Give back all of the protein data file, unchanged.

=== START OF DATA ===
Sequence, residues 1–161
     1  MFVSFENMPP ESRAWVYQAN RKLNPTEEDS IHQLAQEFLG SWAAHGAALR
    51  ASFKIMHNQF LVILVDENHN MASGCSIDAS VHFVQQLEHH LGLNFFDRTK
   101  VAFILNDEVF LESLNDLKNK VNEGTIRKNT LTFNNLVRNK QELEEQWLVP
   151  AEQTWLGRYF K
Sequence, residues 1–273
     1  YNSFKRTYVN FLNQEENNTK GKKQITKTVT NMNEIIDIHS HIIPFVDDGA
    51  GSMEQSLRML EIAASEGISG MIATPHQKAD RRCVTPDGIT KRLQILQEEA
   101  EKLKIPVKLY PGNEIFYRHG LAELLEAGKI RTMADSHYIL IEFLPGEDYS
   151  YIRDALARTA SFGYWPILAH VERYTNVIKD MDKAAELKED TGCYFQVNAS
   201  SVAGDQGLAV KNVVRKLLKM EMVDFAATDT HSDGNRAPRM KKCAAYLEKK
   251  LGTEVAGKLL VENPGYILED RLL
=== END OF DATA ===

Sequence, residues 1–161
     1  MFVSFENMPP ESRAWVYQAN RKLNPTEEDS IHQLAQEFLG SWAAHGAALR
    51  ASFKIMHNQF LVILVDENHN MASGCSIDAS VHFVQQLEHH LGLNFFDRTK
   101  VAFILNDEVF LESLNDLKNK VNEGTIRKNT LTFNNLVRNK QELEEQWLVP
   151  AEQTWLGRYF K
Sequence, residues 1–273
     1  YNSFKRTYVN FLNQEENNTK GKKQITKTVT NMNEIIDIHS HIIPFVDDGA
    51  GSMEQSLRML EIAASEGISG MIATPHQKAD RRCVTPDGIT KRLQILQEEA
   101  EKLKIPVKLY PGNEIFYRHG LAELLEAGKI RTMADSHYIL IEFLPGEDYS
   151  YIRDALARTA SFGYWPILAH VERYTNVIKD MDKAAELKED TGCYFQVNAS
   201  SVAGDQGLAV KNVVRKLLKM EMVDFAATDT HSDGNRAPRM KKCAAYLEKK
   251  LGTEVAGKLL VENPGYILED RLL